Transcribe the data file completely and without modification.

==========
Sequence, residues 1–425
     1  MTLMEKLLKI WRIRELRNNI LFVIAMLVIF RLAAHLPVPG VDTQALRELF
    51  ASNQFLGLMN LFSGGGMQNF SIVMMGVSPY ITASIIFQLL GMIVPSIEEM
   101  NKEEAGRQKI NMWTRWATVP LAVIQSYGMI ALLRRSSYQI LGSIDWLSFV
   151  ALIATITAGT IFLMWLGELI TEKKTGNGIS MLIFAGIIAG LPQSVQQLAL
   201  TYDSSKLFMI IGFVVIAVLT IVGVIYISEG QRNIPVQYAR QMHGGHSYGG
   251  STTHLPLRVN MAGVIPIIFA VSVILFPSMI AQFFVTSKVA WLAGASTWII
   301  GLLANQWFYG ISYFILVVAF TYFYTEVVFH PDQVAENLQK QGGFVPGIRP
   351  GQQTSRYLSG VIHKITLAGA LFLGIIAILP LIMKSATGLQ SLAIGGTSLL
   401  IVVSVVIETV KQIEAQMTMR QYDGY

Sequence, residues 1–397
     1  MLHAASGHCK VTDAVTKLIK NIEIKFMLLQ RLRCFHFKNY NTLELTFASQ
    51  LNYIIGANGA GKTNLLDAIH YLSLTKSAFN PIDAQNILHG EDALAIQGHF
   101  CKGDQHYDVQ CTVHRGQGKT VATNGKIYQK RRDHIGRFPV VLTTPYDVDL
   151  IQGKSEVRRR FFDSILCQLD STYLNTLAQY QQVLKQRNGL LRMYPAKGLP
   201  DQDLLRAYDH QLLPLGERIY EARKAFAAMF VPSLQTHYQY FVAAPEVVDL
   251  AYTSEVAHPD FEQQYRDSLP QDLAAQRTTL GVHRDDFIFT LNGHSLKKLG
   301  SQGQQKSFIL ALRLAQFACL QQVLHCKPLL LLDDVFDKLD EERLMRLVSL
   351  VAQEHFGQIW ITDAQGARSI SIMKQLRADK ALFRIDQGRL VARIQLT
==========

Sequence, residues 1–425
     1  MTLMEKLLKI WRIRELRNNI LFVIAMLVIF RLAAHLPVPG VDTQALRELF
    51  ASNQFLGLMN LFSGGGMQNF SIVMMGVSPY ITASIIFQLL GMIVPSIEEM
   101  NKEEAGRQKI NMWTRWATVP LAVIQSYGMI ALLRRSSYQI LGSIDWLSFV
   151  ALIATITAGT IFLMWLGELI TEKKTGNGIS MLIFAGIIAG LPQSVQQLAL
   201  TYDSSKLFMI IGFVVIAVLT IVGVIYISEG QRNIPVQYAR QMHGGHSYGG
   251  STTHLPLRVN MAGVIPIIFA VSVILFPSMI AQFFVTSKVA WLAGASTWII
   301  GLLANQWFYG ISYFILVVAF TYFYTEVVFH PDQVAENLQK QGGFVPGIRP
   351  GQQTSRYLSG VIHKITLAGA LFLGIIAILP LIMKSATGLQ SLAIGGTSLL
   401  IVVSVVIETV KQIEAQMTMR QYDGY

Sequence, residues 1–397
     1  MLHAASGHCK VTDAVTKLIK NIEIKFMLLQ RLRCFHFKNY NTLELTFASQ
    51  LNYIIGANGA GKTNLLDAIH YLSLTKSAFN PIDAQNILHG EDALAIQGHF
   101  CKGDQHYDVQ CTVHRGQGKT VATNGKIYQK RRDHIGRFPV VLTTPYDVDL
   151  IQGKSEVRRR FFDSILCQLD STYLNTLAQY QQVLKQRNGL LRMYPAKGLP
   201  DQDLLRAYDH QLLPLGERIY EARKAFAAMF VPSLQTHYQY FVAAPEVVDL
   251  AYTSEVAHPD FEQQYRDSLP QDLAAQRTTL GVHRDDFIFT LNGHSLKKLG
   301  SQGQQKSFIL ALRLAQFACL QQVLHCKPLL LLDDVFDKLD EERLMRLVSL
   351  VAQEHFGQIW ITDAQGARSI SIMKQLRADK ALFRIDQGRL VARIQLT